1964 - The Year The Sixties Began


The Beatles were one of dozens of Liverpool-area skiffle-rock acts trying to make it big in the early sixties. The Searchers, the Merseybeats, the Beatcombers, the Four Jays, the Undertakers, Faron’s Flamingos, Kingsize Taylor and the Dominos, Gerry and the Pacemakers … but for fortune, any of them could have swept the American market in 1964. By force of luck, talent, sweat, and brutal, hard-nosed business sense (with very little ceremony, the band fired its longtime drummer, Pete Best, on the eve of its first recording session in 1962), it was the Beatles that wrote the soundtrack for the decade.

Having refracted the sound waves of early American rock through the acoustics machine that was British popular culture, the Beatles arrived in America at exactly the right moment to sell a “new” sound to American youth—just as the first batch of baby boomers was packing off to college and as the last batch was emerging from the womb.

Courtesy of the population bubble that produced 76 million children between 1946 and 1964, a higher birthrate than in any era before or since, young Americans not only represented a larger portion of the general population but also formed a more unified, self-conscious entity. Whereas fewer than half of all Americans completed high school in 1946, by 1970 over three-quarters did, and just under half of all 18-year-olds were receiving some form of higher education.

Even as early as the 1920s, when school enrollments began to climb, the sociologists Helen and Robert Lynd wrote in their famous study Middletown , that “high school, with its athletic clubs, sororities and fraternities, dances and parties, and ‘extracurricular activities,’ is a fairly complete social cosmos in itself… . Today the school is becoming not a place to which children go from their homes for a few hours daily but a place from which they go home to eat and sleep.”

This observation held even more strongly in the 1960s. As teenagers spent more time with one another and less time with adults, and as they enjoyed increasing amounts of spending money, thanks to part-time jobs and allowances, they naturally sought a culture of their own. The Beatles delivered it—even if at the time very few fans understood how wholly American the roots of the new British pop-rock were.

Moreover, because the Beatles were so manifestly exotic and foreign, they could safely cross the musical color line without raising too many hackles. They were the right people, at the right time, in the right place.

In the end it hardly mattered how their music developed. The Beatles unleashed a pent-up force in America that created fertile ground for artistic experimentation. Ultimately, the four Britons helped American youths seize the cultural institutions of their country. Who could have anticipated that these same American youths would soon demand control of its political institutions as well?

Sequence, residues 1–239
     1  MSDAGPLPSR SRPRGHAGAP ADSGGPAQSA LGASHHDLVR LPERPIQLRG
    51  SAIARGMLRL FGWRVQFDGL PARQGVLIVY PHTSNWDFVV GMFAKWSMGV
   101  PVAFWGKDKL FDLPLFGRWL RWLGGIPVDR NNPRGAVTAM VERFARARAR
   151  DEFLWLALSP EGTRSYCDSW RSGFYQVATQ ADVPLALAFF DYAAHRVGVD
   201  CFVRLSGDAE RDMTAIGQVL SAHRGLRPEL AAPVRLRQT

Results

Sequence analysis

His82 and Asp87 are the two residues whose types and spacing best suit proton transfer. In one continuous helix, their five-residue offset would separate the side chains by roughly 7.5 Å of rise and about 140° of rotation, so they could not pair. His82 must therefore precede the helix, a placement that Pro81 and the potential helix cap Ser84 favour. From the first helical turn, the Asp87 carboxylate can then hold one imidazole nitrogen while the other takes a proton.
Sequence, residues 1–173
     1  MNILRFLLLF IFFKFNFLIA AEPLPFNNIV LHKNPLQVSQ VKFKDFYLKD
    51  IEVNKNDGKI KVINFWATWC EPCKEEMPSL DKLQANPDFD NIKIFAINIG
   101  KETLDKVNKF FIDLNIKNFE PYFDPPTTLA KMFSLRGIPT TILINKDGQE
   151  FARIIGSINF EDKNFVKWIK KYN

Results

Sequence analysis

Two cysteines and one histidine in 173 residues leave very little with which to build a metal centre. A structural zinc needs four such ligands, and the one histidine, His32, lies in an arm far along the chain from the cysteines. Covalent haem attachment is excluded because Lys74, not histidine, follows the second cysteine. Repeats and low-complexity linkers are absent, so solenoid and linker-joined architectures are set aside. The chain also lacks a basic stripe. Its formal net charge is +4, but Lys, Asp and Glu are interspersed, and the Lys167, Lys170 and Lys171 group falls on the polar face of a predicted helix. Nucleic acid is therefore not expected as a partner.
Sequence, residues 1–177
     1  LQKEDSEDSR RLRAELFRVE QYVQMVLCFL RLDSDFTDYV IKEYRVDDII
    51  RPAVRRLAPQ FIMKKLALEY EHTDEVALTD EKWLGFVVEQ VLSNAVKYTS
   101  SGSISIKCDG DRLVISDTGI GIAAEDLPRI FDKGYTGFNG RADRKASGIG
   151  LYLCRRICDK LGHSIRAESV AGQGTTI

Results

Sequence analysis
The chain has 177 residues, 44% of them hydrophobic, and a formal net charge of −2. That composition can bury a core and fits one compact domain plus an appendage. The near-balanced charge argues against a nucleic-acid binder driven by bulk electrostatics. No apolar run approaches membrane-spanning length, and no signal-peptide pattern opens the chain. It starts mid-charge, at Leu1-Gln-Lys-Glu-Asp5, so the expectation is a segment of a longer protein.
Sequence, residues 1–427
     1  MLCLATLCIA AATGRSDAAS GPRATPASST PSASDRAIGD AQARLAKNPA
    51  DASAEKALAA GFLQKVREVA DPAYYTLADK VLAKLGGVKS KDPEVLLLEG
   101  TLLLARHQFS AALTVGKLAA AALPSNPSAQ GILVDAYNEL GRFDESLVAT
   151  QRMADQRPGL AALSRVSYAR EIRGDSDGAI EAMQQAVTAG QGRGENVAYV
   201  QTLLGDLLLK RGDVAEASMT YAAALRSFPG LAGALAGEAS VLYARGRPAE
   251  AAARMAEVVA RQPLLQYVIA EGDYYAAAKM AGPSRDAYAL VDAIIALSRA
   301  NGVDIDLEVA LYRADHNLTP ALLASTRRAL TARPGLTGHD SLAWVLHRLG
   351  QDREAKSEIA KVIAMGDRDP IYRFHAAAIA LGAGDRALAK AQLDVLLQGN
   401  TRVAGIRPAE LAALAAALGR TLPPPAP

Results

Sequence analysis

In later years Carolyn Goodman would remember her middle son, Andy, as gentle and soft-spoken—“sotto voce,” a peacemaker among his brothers, who were “always at each other’s throats,” and among his friends. “When he would come running to me,” she wrote, “it usually was to complain not that a brother was picking on him, but that someone was unjustly picking on someone else. I still hear his little voice piping, ‘It isn’t fair .’”

One of Andy’s high school friends from New York recalled him as a deeply “serious” individual with an abiding interest in “political and moral issues.” Though he enrolled in Queens College in 1962 intending to devote himself to theater and the arts, Andy soon discovered the civil rights movement.

A year earlier college authorities had banned the Black Muslim leader Malcolm X and the black Communist Benjamin Davis from speaking on campus. Following the example of the Southern civil rights movement, whose revolt against Jim Crow was shaking the nation to its core, the Queens College student body went out on strike. In a demonstration of will that presaged the Berkeley Free Speech Movement of 1964, more than 70 percent of the student body boycotted classes and attended a rally in the center quad to register their disapproval of President Harold Stoke’s summary crackdown on political expression.

By the time Andy Goodman arrived on campus, the Queens student body was consumed by politics. His parents noticed that “a change began to come over Andy. His excitement over the theater began to fade, and an interest in the real world began to grow.” He switched his major to anthropology and wrote a research paper on the Black Muslims, arguing that “while it is somewhat of a fantasy to believe that all white men are devils, it is true that the white man (and by this I mean Christian civilization in general) has proved himself to be the most depraved devil imaginable in his attitudes toward the Negro race.”

He likened the ascendance of black radicals to “the rise in temperature that follows upon the sickness” and maintained that “the source and cause of the need for reaction can be attributed to white contempt and neglect. The historical contempt that the white race held for the Negroes as created a group of rootless degraded people. The current neglect of the problem can only irritate the deplorable state of affairs.”